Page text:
(Be)Longing (Volta à Terra)
First-time director João Pedro Plácido’s freshman effort, (Be)Longing, strives to capture the jarring juxtaposition that occurs when a lifestyle rooted in centuries-old traditions collides with the realities of youth’s modern-day expectations. The subject of this documentary is 21-year-old Daniel, a farmer with a ninth-grade education living in the rural Portuguese countryside who prides himself on working the land and lacks the desire for urban living held by most others of his generation.
The action is centered in the tiny farming village of Uz, a tight-knit and insular community. Daily life revolves around an ongoing series of tasks that range from the rigorous (harvesting wheat, pushing a stalled tractor out of the mud) to the gruesome (slaughtering livestock). Daniel is one of a few bachelors in the village; while clearly capable in his farmhand duties, he endures regular teasing from his elders about everything from his “lazy” 7am wake-up time to his weak style of tilling soil. The world he inhabits is focused on the values of work and family and Daniel is satisfied with this.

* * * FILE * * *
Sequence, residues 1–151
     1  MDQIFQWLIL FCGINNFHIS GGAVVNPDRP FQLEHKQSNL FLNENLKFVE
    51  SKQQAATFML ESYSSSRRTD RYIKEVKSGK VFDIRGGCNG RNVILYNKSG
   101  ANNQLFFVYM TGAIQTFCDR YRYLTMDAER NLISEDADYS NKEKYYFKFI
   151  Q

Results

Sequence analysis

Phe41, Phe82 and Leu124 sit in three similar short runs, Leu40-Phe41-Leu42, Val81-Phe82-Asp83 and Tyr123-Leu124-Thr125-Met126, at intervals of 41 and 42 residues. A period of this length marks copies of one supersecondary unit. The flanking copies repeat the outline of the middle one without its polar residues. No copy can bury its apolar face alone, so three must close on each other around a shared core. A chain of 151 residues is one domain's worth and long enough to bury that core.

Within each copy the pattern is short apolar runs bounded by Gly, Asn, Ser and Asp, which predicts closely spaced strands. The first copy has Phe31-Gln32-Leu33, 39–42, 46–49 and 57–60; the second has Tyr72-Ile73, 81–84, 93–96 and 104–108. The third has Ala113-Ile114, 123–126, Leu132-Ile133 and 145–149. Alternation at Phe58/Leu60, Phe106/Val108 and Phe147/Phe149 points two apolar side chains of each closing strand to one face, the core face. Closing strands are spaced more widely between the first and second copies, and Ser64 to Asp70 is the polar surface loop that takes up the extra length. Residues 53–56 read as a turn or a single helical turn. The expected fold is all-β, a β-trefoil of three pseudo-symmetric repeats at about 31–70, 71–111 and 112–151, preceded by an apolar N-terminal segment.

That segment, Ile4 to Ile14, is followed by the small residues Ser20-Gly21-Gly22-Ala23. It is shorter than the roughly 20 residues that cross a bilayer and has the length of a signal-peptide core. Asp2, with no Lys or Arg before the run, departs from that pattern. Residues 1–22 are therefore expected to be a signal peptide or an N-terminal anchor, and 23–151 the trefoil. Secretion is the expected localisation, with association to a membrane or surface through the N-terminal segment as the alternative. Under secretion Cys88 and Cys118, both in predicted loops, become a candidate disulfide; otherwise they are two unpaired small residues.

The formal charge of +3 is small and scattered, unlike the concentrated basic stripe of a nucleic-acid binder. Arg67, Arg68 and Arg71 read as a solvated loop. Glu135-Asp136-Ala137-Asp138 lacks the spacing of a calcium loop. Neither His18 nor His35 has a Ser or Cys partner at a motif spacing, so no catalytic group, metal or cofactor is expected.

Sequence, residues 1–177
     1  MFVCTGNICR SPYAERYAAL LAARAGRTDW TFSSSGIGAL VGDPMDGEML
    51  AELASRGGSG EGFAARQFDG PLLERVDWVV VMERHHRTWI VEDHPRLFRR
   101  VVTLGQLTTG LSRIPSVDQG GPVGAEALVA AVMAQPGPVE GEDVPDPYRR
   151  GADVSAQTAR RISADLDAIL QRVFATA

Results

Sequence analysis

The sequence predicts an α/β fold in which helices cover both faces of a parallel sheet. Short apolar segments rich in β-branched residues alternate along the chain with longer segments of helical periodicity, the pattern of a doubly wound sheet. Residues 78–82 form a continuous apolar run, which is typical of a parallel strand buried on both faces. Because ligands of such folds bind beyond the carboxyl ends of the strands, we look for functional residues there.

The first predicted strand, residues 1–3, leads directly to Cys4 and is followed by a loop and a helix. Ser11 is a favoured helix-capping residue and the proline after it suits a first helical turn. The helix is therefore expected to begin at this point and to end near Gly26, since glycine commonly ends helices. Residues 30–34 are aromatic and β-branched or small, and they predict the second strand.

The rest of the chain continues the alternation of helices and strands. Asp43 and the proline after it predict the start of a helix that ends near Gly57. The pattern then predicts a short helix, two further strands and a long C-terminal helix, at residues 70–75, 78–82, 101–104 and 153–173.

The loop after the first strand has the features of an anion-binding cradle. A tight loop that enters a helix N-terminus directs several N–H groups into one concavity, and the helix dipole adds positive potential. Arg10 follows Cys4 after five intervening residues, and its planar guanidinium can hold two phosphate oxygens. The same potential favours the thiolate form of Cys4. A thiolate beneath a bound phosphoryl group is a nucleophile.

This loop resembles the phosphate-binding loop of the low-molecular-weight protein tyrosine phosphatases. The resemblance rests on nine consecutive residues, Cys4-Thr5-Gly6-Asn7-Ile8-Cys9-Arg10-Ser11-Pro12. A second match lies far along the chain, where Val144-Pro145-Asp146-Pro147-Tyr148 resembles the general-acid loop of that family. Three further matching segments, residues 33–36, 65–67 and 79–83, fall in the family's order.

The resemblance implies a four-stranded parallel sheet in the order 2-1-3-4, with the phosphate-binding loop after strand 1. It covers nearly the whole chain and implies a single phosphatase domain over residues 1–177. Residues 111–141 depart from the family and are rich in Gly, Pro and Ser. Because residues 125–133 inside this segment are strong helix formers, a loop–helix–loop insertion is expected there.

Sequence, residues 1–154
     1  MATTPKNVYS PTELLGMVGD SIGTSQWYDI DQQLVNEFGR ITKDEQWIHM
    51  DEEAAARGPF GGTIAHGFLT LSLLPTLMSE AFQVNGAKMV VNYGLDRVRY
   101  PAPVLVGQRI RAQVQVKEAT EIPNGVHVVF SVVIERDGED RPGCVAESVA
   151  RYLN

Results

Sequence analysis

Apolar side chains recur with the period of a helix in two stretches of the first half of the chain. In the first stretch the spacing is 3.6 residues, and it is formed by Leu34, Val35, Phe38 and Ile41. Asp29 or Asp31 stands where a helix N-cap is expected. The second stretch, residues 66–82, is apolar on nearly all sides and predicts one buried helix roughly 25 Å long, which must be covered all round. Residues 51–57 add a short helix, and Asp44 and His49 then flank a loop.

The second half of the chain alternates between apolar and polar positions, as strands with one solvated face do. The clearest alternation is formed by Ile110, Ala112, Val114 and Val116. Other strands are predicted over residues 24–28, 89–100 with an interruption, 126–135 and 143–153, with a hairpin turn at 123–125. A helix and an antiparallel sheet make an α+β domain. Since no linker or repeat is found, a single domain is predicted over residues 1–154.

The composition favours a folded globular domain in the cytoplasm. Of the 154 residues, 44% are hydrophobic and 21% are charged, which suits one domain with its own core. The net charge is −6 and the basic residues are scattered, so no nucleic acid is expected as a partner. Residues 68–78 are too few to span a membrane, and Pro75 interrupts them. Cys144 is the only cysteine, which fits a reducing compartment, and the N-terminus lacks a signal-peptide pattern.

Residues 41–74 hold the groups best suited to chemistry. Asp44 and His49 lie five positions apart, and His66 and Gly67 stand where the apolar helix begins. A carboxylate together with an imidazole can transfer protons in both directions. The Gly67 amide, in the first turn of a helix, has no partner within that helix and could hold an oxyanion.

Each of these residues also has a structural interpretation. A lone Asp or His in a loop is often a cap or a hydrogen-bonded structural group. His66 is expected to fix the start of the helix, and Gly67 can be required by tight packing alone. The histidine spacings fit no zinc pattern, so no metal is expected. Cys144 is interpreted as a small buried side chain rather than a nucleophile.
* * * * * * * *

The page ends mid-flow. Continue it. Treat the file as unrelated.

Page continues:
While this study is interesting enough, it is not sufficiently engaging for a full 78 minutes. The most intriguing part of the film is the peek into the dating norms of this society. At the village festival, Daniel encounters a very attractive former classmate, who lives in a neighboring town, and becomes smitten. While their chaste exchange is undoubtedly charming, it is not entirely lacking in contemporary courtship rituals (as it turns out, even twenty-something Portuguese farmers have cell phones). Their connection emphasises the stark contrast between young adults who crave to seek the perceived spoils of technology-centric urban life and those who consciously choose to pursue an existence strongly rooted in times gone past.
In addition to directing, Plácido is also credited as cinematographer. There are distinct moments of true beauty: the seasonal changes to the landscape, from lush to gloomy to snow-covered picturesque, are skillfully captured with care. If the overall narrative had only reflected a similar approach to provide a more insightful exploration of these individuals’ lives, it’s likely that it would have resulted in a more compelling feature.
(Be)Longing does not have a UK release date yet.
Watch the trailer for (Be)Longing (Volta àTerra) here: